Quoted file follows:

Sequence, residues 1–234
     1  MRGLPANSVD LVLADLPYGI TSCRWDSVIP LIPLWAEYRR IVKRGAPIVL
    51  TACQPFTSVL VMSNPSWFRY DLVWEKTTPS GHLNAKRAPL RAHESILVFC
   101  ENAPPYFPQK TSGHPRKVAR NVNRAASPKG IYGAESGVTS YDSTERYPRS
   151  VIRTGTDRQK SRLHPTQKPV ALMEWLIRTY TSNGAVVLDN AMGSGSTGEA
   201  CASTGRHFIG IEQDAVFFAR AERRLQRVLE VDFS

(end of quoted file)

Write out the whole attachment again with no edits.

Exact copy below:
Sequence, residues 1–234
     1  MRGLPANSVD LVLADLPYGI TSCRWDSVIP LIPLWAEYRR IVKRGAPIVL
    51  TACQPFTSVL VMSNPSWFRY DLVWEKTTPS GHLNAKRAPL RAHESILVFC
   101  ENAPPYFPQK TSGHPRKVAR NVNRAASPKG IYGAESGVTS YDSTERYPRS
   151  VIRTGTDRQK SRLHPTQKPV ALMEWLIRTY TSNGAVVLDN AMGSGSTGEA
   201  CASTGRHFIG IEQDAVFFAR AERRLQRVLE VDFS